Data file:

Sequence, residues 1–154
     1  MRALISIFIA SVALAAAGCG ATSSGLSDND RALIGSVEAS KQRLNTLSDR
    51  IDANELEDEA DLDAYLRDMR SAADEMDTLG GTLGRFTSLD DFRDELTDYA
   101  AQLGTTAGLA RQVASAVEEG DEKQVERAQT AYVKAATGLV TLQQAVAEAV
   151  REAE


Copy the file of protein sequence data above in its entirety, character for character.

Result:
Sequence, residues 1–154
     1  MRALISIFIA SVALAAAGCG ATSSGLSDND RALIGSVEAS KQRLNTLSDR
    51  IDANELEDEA DLDAYLRDMR SAADEMDTLG GTLGRFTSLD DFRDELTDYA
   101  AQLGTTAGLA RQVASAVEEG DEKQVERAQT AYVKAATGLV TLQQAVAEAV
   151  REAE